Marie’s nephew, François de Cossé, 11th Duke of Brissac, brought a lawsuit on behalf of her family before the Tribunal de grande instance of the Seine to try to stop the wedding.[9] He claimed that his aunt was mentally incompetent. Marie claimed that she had thought about the marriage twelve years ago, but had delayed on account of her grandchildren. The court determined that a nephew had no legal right to oppose the marriage of an aunt.[10] It appointed a commission of three doctors to investigate Marie’s mental state and confirmed a judicial administrator appointed on July 7 to manage Marie’s estate.

On September 19, 1930, Luis Fernando and Marie married in a civil ceremony in a London registry office.[11] On October 4, 1930, they were married in a religious ceremony in the Cathedral of San Siro in Sanremo on the Italian Riviera.[12] They had no children. After their wedding Luis Fernando and Marie lived in Sanremo in a house given to Luis Fernando by his mother.[13] In February 1935 Luis Fernando was again expelled from France.[14] He had been arrested in a vice squad raid.

Luis Fernando’s wife Marie died in 1943.[15] He spent the next two years in a Paris nursing home where he died in 1945.[16] He is buried at the Eglise du Coeur Immaculé de Marie, 51bis rue de la Pompe, in Paris.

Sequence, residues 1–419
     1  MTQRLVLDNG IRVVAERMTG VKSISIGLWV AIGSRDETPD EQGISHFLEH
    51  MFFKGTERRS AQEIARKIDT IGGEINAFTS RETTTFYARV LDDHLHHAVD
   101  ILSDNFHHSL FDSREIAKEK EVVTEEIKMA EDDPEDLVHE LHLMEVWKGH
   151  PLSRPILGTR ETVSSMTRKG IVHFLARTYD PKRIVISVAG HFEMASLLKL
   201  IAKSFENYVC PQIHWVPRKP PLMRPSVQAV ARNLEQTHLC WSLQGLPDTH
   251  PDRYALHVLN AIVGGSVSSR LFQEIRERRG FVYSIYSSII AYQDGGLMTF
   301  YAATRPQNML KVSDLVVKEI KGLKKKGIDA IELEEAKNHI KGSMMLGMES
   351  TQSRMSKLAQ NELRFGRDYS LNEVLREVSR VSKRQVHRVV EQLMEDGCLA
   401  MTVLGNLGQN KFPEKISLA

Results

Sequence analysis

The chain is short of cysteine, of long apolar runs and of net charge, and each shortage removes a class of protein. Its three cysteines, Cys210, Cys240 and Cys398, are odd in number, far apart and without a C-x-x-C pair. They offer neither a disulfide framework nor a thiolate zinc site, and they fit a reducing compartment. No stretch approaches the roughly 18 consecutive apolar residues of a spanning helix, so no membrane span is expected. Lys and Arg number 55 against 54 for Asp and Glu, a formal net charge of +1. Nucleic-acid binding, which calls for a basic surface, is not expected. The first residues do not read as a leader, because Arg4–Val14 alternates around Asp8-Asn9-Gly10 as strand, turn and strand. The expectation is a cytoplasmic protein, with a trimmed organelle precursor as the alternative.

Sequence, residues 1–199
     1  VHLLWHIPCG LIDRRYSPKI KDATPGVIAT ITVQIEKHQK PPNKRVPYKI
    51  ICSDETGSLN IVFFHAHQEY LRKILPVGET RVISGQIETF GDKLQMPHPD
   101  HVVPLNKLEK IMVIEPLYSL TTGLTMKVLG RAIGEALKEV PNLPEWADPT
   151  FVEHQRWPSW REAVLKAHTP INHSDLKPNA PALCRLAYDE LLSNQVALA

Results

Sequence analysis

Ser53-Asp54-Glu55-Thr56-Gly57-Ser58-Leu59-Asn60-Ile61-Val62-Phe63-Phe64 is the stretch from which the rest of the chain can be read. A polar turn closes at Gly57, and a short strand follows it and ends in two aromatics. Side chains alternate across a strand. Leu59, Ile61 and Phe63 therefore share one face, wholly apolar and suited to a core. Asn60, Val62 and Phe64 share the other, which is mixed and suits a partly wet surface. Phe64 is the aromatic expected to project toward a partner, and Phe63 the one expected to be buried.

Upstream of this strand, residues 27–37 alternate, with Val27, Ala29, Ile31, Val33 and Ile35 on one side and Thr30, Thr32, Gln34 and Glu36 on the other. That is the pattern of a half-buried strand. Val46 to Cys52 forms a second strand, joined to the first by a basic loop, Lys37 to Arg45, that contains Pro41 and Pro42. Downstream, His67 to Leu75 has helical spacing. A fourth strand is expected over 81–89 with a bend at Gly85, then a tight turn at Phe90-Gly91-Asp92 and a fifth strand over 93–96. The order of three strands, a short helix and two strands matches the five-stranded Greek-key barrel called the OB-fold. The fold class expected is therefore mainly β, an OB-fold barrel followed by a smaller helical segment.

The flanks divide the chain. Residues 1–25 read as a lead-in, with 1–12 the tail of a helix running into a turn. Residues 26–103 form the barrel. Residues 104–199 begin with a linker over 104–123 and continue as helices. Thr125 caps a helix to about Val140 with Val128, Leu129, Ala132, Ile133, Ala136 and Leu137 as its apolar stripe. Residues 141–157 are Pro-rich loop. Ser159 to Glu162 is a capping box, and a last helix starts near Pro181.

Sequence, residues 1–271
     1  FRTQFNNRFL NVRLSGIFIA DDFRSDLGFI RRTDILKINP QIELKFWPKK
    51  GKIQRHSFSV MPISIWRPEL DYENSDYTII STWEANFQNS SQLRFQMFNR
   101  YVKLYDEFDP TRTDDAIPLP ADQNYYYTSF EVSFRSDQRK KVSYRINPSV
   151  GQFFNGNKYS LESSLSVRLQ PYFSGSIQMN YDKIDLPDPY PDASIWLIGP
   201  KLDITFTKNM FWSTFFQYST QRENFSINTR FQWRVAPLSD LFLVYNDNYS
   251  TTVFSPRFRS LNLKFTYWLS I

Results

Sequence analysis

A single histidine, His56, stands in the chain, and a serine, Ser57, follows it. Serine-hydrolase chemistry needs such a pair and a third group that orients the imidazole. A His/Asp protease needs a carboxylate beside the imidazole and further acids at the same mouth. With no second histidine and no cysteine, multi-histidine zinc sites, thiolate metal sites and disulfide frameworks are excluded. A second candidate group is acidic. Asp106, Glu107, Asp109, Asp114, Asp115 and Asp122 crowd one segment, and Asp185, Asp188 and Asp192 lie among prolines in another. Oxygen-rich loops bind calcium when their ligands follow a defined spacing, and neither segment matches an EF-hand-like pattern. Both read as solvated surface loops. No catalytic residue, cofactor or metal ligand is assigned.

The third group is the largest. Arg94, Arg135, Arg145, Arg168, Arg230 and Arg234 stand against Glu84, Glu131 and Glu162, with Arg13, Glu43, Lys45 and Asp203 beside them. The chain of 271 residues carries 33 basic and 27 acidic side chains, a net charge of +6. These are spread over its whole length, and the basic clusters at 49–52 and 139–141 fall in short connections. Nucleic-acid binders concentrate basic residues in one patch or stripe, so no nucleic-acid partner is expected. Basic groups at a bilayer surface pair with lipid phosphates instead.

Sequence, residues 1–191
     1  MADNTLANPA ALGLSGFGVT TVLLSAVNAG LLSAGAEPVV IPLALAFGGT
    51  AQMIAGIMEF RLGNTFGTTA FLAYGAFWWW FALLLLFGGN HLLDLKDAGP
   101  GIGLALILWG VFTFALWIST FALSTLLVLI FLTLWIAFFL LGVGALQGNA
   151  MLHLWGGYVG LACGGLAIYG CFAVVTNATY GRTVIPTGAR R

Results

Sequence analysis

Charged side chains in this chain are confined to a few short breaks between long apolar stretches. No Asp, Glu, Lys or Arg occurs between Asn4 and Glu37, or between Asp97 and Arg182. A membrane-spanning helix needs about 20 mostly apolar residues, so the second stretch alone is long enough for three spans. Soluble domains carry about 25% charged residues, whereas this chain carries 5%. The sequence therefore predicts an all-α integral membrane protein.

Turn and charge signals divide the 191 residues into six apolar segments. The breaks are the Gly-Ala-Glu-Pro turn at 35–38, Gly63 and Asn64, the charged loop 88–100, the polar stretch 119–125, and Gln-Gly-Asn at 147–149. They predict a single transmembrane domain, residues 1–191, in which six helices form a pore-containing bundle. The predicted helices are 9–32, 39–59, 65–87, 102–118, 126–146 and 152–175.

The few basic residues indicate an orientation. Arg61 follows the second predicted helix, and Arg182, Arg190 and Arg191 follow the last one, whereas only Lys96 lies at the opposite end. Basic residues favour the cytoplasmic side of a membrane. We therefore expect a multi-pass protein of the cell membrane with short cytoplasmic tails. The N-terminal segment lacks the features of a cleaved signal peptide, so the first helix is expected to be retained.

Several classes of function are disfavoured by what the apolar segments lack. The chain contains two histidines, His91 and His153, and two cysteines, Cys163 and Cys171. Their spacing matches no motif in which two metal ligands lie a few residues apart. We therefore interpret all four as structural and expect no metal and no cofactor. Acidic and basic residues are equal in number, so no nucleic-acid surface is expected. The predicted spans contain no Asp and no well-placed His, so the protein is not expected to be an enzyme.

Titles and styles



  1. Bernardo Rodríguez Caparrini, "A Catholic Public School in the Making", Paedagogica Historica 39 (December 2003): 743.
  2. Elisabeth de Gramont, Years of Plenty, translated by Florence and Victor Llona, New York: Jonathan Cape and Harrison Smith, 1931, p. 114.
  3. "Prince Weds a Commoner", The New York Times (July 17, 1914): 4.
  4. "A Spanish Prince’s Bad Conduct", The Times (October 11, 1924): 9; "Alfonso Strips Prince Louis of Rights of Infante of Spain", The New York Times (October 11, 1924): 17; "Expelled", Time (October 20, 1924).
  5. "Seize Spanish Prince Disguised as Woman", The New York Times (March 26, 1926): 6.
  6. António Botto, Canções e Outros Poemas, Quasi Edições, Vila Nova de Famalicão, 2008, p. 14
  7. "Louis Ferdinand of Royal Family", The New York Times (June 23, 1945): 13.
  8. "Princess Who Wed at 73 of Long Line", The New York Times (September 28, 1930): N5
  9. "Proposed Marriage of a French Princess", The Times (July 26, 1930): 11; "Princess, 73, Pleads for Right to Be Happy", The New York Times (July 26, 1930): 4.
  10. "Proposed Marriage of a French Princess", The Times (July 28, 1930): 11; "Aged French Princess Wins Right to Marry", The New York Times (July 27, 1930): 14.
  11. "Princess, 73, Weds Prince, 41, in London", The New York Times (September 20, 1930): 11.
  12. "Royal Couple Wed Again", The New York Times (October 5, 1930): 29.
  13. "Princess, 73, Weds Prince, 41, in London", The New York Times (September 20, 1930): 11.
  14. "France Ousts a Prince", The New York Times (February 17, 1935): 8.
  15. "Marie, Bourbon-Orleans", The New York Times (July 18, 1943): 34.
  16. "Louis Ferdinand of Royal Family", The New York Times (June 23, 1945): 13.

Further reading